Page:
VISIONARY REVUE


      Realizing that money was his only means of escape, he called upon the Russian Red Cross and then the curé of Chelles. In desperation, he offered to sell them the entire collection of his works, presently in the hands of Mme. S. But, when the curé sent his servent to Mme S. she turned him away indignantly. Kalmakoff was trapped in a cage with a species of humanity he considered brutish and inferior.
      This comes out explicitly in a rare letter preserved from 1950:
      "Here, life continues, as always, very slowly, an almost vegetable existence. I bore myself nicely, surrounded by a horde of orangutangs, banal to the extreme, who offer a most disgusting spectacle. Psychologically, they remain vacuous, stupid, superstitious, uneducated and illiterate - earth to earth, dust to dust.
      Aside from eating, nothing really interests them. I myself must make an effort to withhold my disgust and aversion towards them. I master the despair that seizes me whenever I fathom the true depths of the mental abyss manifest in these brutes and
goujats. May the gods grant me my share of Stoic fortitude." (KAL 11)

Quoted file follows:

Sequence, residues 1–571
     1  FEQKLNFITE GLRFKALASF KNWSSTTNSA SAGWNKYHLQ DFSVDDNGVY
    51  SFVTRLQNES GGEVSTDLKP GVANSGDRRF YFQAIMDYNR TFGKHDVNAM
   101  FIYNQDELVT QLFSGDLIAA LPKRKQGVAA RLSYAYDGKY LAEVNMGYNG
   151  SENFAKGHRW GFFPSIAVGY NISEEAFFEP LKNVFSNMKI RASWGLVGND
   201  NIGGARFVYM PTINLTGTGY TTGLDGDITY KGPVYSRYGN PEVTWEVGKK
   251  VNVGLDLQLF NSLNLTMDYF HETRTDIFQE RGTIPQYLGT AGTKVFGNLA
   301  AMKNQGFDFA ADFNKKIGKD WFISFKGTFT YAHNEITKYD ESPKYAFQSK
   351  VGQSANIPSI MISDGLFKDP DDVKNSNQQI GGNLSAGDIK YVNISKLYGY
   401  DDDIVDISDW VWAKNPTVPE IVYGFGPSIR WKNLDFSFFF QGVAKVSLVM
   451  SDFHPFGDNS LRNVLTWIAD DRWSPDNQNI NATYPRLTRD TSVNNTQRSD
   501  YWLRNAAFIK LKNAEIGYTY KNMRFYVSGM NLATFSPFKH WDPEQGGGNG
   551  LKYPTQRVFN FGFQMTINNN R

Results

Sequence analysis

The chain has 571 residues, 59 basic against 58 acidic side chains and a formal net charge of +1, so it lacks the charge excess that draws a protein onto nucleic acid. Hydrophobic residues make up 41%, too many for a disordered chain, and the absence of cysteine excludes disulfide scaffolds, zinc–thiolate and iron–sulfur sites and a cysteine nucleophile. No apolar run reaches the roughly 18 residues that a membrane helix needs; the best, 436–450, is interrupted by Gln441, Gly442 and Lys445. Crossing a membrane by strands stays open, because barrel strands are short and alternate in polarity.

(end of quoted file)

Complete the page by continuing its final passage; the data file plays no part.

The nurses at the Home recalled that "Monsieur Kalmakoff spent the whole day long sharpening his knife. It was, in fact, a kind of razor which he always kept in hand. All of us feared that he would have an accident..." (KAL 9) In total, he spent eight years at Chelles.
      When one of his last remaining friends came to visit the artist, he found him in a miserable state. The artist's hands were now bent and distorted from rheumatism. The large white curls of hair which once crowned his bald head had been shorn away. He sat quietly, his blue eyes boring into his guest - and didn't utter a word.



 
 
 


PARIS - SPRING 2004


Nicholas Kalmakoff
1873 - 1955

      Kalmakoff died at the hôpital de Lagny, near Chelles, in 1955 and was buried in the village cemetary. The artist's last remains now repose beneath a crooked and nameless cross rusted by time. Meanwhile, each decade brings increasing recognition and speculation into the life and works of this enigmatic and undoubtedly ingenius man.
      The cross still stands, nameless and crooked, at the entrance to Kalmakoff's labyrinth.

 
 
 


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